Obama closes Arctic indefinitely
HONOLULU (AP) — President Barack Obama has designated the bulk of U.S.-owned waters in the Arctic Ocean and certain areas in the Atlantic Ocean as indefinitely off limits to future oil and gas leasing.
The move on Tuesday helps put some finishing touches on Obama's environmental legacy while also testing President-elect Donald Trump's promise to unleash the nation's untapped energy reserves.
Environmental groups hope the ban, despite relying on executive powers, will be difficult for future presidents to reverse.
The White House says Obama has used a provision in a 1953 law to ban offshore leases in the waters permanently.
The Atlantic waters placed off limits are 31 canyons stretching off the coast of New England south to Virginia.
Canada is also placing a moratorium on new leasing in its Arctic waters.
In a joint statement with Canada, the White House stated, “The United States is designating the vast majority of U.S. waters in the Chukchi and Beaufort Seas as indefinitely off limits to offshore oil and gas leasing, and Canada will designate all Arctic Canadian waters as indefinitely off limits to future offshore Arctic oil and gas licensing, to be reviewed every five years through a climate and marine science-based life-cycle assessment.”
Alaska Gov. Bill Walker expressed his displeasure with the action.
“This unprecedented move marginalizes the voices of those who call the Arctic home and have asked for responsible resource development to lower the cost of energy to heat houses and businesses,” Walker said in a statement from his office. “For centuries, the Arctic has provided food for those in the region. No one is more invested than Alaskans to ensure that the habitats within the Arctic are protected. To lock it up against any further exploration or development activity is akin to saying that the voices of activists who live in Lower 48 cities have a greater stake than those to whom the Arctic is our front yard and our back yard.
“During my phone call with Secretary Sally Jewell earlier today, she acknowledged that she and her team at the U.S. Department of the Interior took into consideration the requests that Department of Natural Resources Commissioner Andy Mack and I made during multiple meetings with her in Washington, D.C., and in Fairbanks. We highlighted the areas of the Arctic most likely to provide revenue to the state. These efforts are reflected in that those regions were not included in the administration’s final decision.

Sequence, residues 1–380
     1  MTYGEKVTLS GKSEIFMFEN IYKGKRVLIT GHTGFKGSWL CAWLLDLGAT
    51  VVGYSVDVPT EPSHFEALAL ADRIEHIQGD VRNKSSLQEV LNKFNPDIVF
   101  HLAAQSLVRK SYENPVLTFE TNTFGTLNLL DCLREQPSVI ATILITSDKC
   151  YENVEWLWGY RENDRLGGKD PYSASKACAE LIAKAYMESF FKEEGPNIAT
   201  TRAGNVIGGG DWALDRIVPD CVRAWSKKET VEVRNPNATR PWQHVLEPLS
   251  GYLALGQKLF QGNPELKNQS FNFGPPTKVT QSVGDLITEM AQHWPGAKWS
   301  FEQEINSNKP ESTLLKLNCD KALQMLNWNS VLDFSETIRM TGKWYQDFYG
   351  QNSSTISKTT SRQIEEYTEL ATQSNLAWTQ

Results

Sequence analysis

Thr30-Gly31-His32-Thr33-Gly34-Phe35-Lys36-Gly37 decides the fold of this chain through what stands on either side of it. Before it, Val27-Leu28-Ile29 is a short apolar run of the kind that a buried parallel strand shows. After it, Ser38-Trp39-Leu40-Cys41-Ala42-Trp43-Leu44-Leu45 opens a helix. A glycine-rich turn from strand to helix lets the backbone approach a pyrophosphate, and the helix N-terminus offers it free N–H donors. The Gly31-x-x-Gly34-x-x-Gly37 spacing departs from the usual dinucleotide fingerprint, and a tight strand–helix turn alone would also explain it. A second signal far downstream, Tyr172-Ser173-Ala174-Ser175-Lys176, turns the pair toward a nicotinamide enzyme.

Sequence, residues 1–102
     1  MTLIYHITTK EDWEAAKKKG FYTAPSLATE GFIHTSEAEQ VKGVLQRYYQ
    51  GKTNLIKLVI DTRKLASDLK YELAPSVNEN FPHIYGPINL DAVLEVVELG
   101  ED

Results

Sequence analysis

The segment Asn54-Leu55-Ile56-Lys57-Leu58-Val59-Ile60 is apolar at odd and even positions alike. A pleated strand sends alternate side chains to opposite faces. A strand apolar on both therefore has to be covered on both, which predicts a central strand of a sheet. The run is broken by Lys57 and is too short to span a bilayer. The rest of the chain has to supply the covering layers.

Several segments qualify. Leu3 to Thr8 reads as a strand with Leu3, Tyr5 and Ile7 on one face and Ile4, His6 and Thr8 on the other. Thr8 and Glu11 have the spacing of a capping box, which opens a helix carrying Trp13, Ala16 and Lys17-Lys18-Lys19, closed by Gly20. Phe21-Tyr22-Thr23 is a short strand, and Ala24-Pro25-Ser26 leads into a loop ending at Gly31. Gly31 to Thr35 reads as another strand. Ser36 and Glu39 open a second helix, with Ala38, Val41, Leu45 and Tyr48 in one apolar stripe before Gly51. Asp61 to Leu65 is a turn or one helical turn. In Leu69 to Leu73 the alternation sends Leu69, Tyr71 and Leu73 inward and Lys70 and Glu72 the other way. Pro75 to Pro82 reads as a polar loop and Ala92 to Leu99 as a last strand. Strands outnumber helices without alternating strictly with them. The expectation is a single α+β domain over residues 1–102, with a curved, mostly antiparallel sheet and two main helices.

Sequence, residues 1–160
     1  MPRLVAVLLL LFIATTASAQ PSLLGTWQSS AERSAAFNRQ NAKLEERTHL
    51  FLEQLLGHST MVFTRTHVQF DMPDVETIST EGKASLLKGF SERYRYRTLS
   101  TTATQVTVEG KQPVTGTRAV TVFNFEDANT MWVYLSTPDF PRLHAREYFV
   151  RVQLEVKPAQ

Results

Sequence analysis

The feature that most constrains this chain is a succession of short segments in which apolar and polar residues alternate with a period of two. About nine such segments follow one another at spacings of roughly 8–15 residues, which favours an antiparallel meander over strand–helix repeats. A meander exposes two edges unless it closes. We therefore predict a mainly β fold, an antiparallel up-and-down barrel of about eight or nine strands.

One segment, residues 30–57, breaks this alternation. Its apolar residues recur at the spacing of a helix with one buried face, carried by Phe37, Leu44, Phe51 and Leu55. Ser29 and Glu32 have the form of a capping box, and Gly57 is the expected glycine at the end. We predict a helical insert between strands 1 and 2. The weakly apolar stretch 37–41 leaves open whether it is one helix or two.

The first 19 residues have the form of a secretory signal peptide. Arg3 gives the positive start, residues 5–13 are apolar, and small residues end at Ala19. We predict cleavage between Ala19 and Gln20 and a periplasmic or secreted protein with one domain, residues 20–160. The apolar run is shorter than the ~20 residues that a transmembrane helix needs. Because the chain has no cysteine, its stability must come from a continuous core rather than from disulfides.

“However, this concession is not satisfactory because the administration has already failed to include these same areas in its most recent five-year leasing plan.”
Last month, Obama pulled the Chukchi and Beaufort seas from the next five-year outercontinental shelf leasing plan and withdrew a large area from the Bering Sea as a “climate resilience area.”
The Alaska congressional delegation’s last-minute plea for a sitdown with Obama fell on deaf ears.
In a letter detailing a litany of anti-development moves, the delegation wrote to Obama that, “Your administration has also locked away half of the National Petroleum Reserve-Alaska, imposed costly and extralegal mitigation requirements on the companies seeking to develop there, sought to turn the Arctic Coastal Plain into de facto wilderness, issued land management plans that replace opportunity with regulatory burden, seized authority to manage wildlife in our national parks and refuges from the State of Alaska, and most recently designated the northern Bering Sea as a “climate resilience area”—a vague term with no legal basis.”
Industry groups are confident that the ban will not stand and Trump can simply issue a new proclamation after taking office that would allow for oil and gas production in the Atlantic. They point to President George W. Bush, who in July 2008 lifted some executive bans on Outer Continental Shelf leasing and drilling.
"There's no such thing as a permanent ban," said Erik Milito, a policy director at the American Petroleum Institute.
But Niel Lawrence, a senior attorney at the Natural Resources Defense Council, said the result of a Trump proclamation isn't so clear-cut. He said the statute says a president can withdraw waters from the country's leasing plans and "it doesn't say you can put back in."
If Trump does issue an order reversing Obama's proclamation, it would be up to environmental groups or others to challenge his actions in court. If he doesn't, then it would be up to Congress to intervene.
"My guess is that Congress has better things to do," Lawrence said. "The industry is not clamoring to get into these places. Any return on investment is decades away."
The Trump administration could also take a more gradual approach of changing the nation's five-year leasing plan to put the waters back in play. That would buy groups on both sides time to make their case about the need or lack thereof to drill off the Atlantic coast.
Milito said keeping oil and gas production in the Atlantic as an option is important in the event U.S. reserves elsewhere are depleted. The U.S. should not have to rely on other countries for oil and gas supplies to ensure affordability and availability, he said.
"We have to look to the future so that we can maintain our status as an energy superpower and so that we can continue to rely on U.S. oil and gas production to fulfill our economic needs," Milito said.